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By Dr. Beth Johnson, DVM

Quality Assurance is defined as the process where you strive to provide a product that instills trust and confidence in the consumer to encourage continued or increased consumption of your product. The product in small ruminant production can be meat, milk, fiber, or seed stock to current and new producers. So how does your plan to accomplish this incredible feat on your farm stack up to others, and how do you plan to enact this plan to provide the best product possible?

In this article we will discuss the following components of a Quality Assurance Plan:

  • To produce your product with no blemishes on the finished product.

  • Prevent injury while maximizing effectiveness of antibiotics and vaccines to produce a quality product.

  • Provide a wholesome product that the consumer has trust and confidence in consuming or wearing.

  • Causes no harm to the consumer!

  • Uses best management practices that allows for maximum profit to the producer.

  • And finally, how does your biosecurity stack up for prevention or introduction of diseases.

Top Quality Product

Our goal as a producer should always be to provide the best quality product which will ultimately keep us in business by stimulating interest in our products. Not only should we strive to market healthy livestock, we should try to prevent any underlying issues, i.e. blemishes to the carcasses, undesirable wool, and/or off flavored milk/cheeses.

When administering medications to your animals, be sure to follow label directions on the bottle of the medicine you are administering:

  • Proper dose

  • Proper route of administration

  • Proper location of injections (always put injectable substances in front of the shoulder area)

  • Proper needle size

  • Proper withdrawal period

  • Proper storage

  • Know what you are administering and why

By following these simple steps you have initiated the process of going down the pathway of Quality Assurance!

Why would it be important to administer medications in the neck and chest floor area? Where are the most valuable cuts of meat in a lamb or kid? If you administer an injection in the hind leg, not only do you run the risk of hitting the sciatic nerve which controls the hind leg muscle, you may also cause an injection site reaction which may lead to condemnation of the affected muscle. Processors frown upon throwing away the most valuable cut of meat due to negligence by the producer.

When administering medication to your animals, do you know that some medicines stay in the animal’s tissue longer than others. This is very important when animals are harvested prior to the drug’s withdrawal period, and the meat has residues in the tissue from the product administered. Some of the more common antibiotics that have been identified as residues in meat are: Tetracyclines, penicillins, Sulfamethazines, Cephalosporins, and others. If antibiotics are detected, the carcass is disposed of and it could possibly contaminate other carcasses resulting in recalls of products. This is also true for some anthelmintics. Do not administer animal health products and then sell the animal for harvesting until they are cleared of the product. This is also true for milk/cheese products, do not use milk for human consumption or producing cheese, etc. until the antibiotic has cleared! Know your medicines!!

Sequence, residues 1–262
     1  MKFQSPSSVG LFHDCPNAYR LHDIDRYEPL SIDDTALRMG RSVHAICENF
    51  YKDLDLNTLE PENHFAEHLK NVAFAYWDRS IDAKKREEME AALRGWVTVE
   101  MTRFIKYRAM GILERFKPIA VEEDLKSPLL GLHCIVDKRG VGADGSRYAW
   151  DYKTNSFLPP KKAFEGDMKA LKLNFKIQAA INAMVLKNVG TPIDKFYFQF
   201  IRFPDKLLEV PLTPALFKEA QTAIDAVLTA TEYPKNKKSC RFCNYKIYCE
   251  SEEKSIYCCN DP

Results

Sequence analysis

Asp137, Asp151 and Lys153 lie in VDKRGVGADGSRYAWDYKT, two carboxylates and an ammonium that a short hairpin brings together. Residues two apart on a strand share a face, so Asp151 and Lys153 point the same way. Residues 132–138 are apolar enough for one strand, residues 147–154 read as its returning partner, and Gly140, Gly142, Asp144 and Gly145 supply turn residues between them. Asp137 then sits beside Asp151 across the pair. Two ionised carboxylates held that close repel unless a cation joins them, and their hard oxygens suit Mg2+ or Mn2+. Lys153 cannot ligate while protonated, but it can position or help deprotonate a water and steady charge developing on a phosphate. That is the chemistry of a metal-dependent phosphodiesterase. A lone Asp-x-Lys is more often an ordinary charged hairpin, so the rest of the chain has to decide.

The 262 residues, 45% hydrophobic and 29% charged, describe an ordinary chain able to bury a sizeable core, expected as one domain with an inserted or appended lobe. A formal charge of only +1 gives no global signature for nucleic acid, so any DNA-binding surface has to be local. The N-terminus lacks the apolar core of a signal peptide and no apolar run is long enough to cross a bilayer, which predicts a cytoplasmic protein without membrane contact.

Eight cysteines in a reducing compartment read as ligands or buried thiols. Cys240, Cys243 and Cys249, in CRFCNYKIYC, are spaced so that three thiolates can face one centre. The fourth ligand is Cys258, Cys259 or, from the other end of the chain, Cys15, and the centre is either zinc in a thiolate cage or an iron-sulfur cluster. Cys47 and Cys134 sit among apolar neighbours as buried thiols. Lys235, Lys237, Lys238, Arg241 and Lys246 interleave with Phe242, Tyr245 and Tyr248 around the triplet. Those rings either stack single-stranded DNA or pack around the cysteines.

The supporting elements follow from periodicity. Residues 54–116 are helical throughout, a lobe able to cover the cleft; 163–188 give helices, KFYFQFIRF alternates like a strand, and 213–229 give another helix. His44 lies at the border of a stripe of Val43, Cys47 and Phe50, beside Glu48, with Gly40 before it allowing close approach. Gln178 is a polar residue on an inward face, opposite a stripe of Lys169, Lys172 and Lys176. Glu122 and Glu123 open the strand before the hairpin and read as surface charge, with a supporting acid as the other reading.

So let’s switch gears and talk a little about Biosecurity. Biosecurity measures are defined as the procedures intended to protect humans or animals against disease or harmful biological agents. Some examples of Biosecurity are:

  • Quarantine all new additions to the flock/herd.

  • Protect/restrict visitors onto your farm through providing protective boot covers or foot baths and disposable gloves.

  • Keep confined areas clean and disinfected as much as possible.

  • Clean and disinfect all equipment and livestock handling facilities, routinely

These are just a few of the biosecurity measures you can institute on your farm to prevent disease introduction and control. When quarantining, stall the new additions in an area where they have no contact with your animals. They should be quarantined for a minimum of 10 and preferably 14 days. With small ruminants it is recommended that a fecal examination be performed on arrival, animal is dewormed, if necessary, and then a follow up fecal examination performed in 7-10 days to determine if anthelmintic/parasite resistance is present. You do not want to introduce resistant parasites into your flock/herd.

Some of the diseases that have been introduced into naïve flocks/herds are pinkeye, footrot, pneumonia, soremouth, and ringworm through inappropriate quarantine procedures. You would much rather treat one animal then a whole flock with these diseases and many producers have learned the lesson the hard way!

Also while administering antibiotics, vaccines, etc., you can understand why it is important to utilize sterile syringes/needles to prevent injection site reactions/abscesses. Always remember we should strive to prevent blemishes as much as possible on a carcass/hide/wool of our small ruminant animals.

Always remember that a healthy happy animal always performs better than a diseased, distressed one! Our goal as producers should always be to produce the best possible product while maximizing our profit.


Dr. Beth Johnson, is a Staff Veterinarian in the Kentucky Department of Agriculture and has 40 years of experience raising and treating small ruminants. Her family farms in Parksville, KY where she raises Gelbvieh cattle and Boer goats.

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